Tuesday, March 11, 2014
It's odd to pick up an old first issue, and find out you're coming in midstream. Like this issue! From 1995, Gene Roddenberry's Lost Universe #1, "O Brave New World" Written by Lawrence Watt-Evans, pencils by James Callahan, inks by Aaron McClellan; with a concept from Gene Roddenberry and additional characters and development from Majel Barrett Roddenberry. Bill Sienkiewicz did the cover, along with some for the rest of the series; and they're pretty much the selling point for them. (Seriously, his cover for #2 would probably sell some issues of any random book you chose to put it on!)
Regardless of the level of the Roddenberrys' involvement, this issue seems to be written like part of a TV pilot, albeit the first fifteen minutes or so: Dr. Alexander Grange, returning to his homeworld Malay after recovering from a coma, finds he may have been gone for much longer than he expected. And...that's about it. It's pretty sparse, all things considered. The ship, which I believe was called the Deliverance, isn't named here; nor is his companion Penaltra given any motivation--why she's there, why she brought Grange there, what she knows, nothing. I'm not sure either character would be around by issue #6 or so, so it may not matter; in hindsight, that's almost like an actor leaving a series...
Man, I must've been flush with cash in 1995 to keep dropping it on this series. I know I read Tekno Comix Mickey Spillane's Mike Danger as well, and that had better stories from Max Allan Collins and more consistent art from Eduardo Barreto, hence that series lasted a lot longer.
Monday, March 10, 2014
It actually is the issue before Warren Ellis took over the book: from 1994, Hellstorm: Prince of Lies #11, "Life in Hell" Written by Len Kaminski, art by
After a failed attempt to storm the gates of Heaven; Daimon Hellstorm has been cast down into the fiery pits of Hell. There, he's given a walking tour of the place by a chap by the name of Simon Garth. Daimon recognizes the name, and you might as well: he was the Zombie, and says while his "mortal shell" was cursed to walk the earth, he was cursed to do the same in hell. They examine both the changing form and natures of Hell, and Garth describes it as "a mirror for the collective unconscious" as well as completely without justice. Sometimes the innocent are punished, sometimes the guilty rewarded, and souls are sent to heaven or hell more due to "flavor and texture" than sins or virtures. Of course, this may all need to be taken with a grain of salt, since Daimon realizes "Garth" knows more about hell than he should...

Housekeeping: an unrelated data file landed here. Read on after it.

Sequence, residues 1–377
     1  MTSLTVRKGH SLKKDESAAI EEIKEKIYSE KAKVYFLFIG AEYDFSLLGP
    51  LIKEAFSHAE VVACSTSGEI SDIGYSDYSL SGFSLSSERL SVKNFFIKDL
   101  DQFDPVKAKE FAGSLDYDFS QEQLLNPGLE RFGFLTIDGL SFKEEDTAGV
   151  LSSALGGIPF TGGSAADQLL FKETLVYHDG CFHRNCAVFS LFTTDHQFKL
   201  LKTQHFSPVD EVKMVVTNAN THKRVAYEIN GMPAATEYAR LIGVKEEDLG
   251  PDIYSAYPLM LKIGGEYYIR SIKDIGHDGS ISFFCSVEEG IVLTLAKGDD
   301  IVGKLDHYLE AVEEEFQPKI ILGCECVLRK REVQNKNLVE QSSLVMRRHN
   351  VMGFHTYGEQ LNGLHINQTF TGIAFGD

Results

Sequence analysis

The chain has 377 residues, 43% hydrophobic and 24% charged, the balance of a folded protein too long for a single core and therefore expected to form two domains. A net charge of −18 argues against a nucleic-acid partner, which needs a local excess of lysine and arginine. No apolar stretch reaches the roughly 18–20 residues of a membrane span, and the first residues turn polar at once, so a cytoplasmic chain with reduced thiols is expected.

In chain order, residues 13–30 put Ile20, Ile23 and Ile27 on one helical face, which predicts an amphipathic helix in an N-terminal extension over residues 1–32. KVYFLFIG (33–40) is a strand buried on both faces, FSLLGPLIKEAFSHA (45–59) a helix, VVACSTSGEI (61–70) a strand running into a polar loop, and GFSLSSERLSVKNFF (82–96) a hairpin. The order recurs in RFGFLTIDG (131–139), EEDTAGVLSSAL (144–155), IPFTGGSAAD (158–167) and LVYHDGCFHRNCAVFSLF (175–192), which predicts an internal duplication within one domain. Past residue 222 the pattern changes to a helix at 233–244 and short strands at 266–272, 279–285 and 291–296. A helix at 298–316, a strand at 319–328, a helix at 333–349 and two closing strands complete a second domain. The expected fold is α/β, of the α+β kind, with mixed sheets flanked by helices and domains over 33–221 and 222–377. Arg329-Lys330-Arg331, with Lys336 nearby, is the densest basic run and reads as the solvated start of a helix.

There's also a U.S. Postal Service Statement of Ownership, Management, and Circulation, which means someone was getting Hellstorm in the mail at one point. Weird, huh? The average number of issues sold the previous twelve months was 123,453; with the actual number of the single issue closest to the filing date was 77,310. Hellstorm was a lower-tier book in the hundred or so titles Marvel was grinding out a month around 1993, but per the January sales numbers, nowadays those sales would be good enough for #1 or just behind #5, respectively.
Friday, March 07, 2014
From Transformers: Robots in Disguise #26, "Finis Temporis" Written by John Barber and James Roberts, art by Andrew Griffith and Livid Ramondelli. This is part nine of the Dark Cybertron storyline, and Ultra Magnus and the crew of the starship Lost Light return to Cybertron, with the titan Metroplex! Who immediately throws down with the equally massive Necrotitan, both of whom are gigantic compared to regular Autobots and Decepticons.
Even though I'm not in love with the Lost Light's design, I do like the backstory: it was bought used, for their quest to find the Knights of Cybertron; and is about 15 miles long, 10 wide. It would have to be pretty darn big, since the Transformers are normally bigger than a person; but it's also big enough to contain any number of mysteries. Although, scale is often a problem in Transformers comics: how big is any given Transformer, compared to another, in a shot with a really big ship and two huge robots?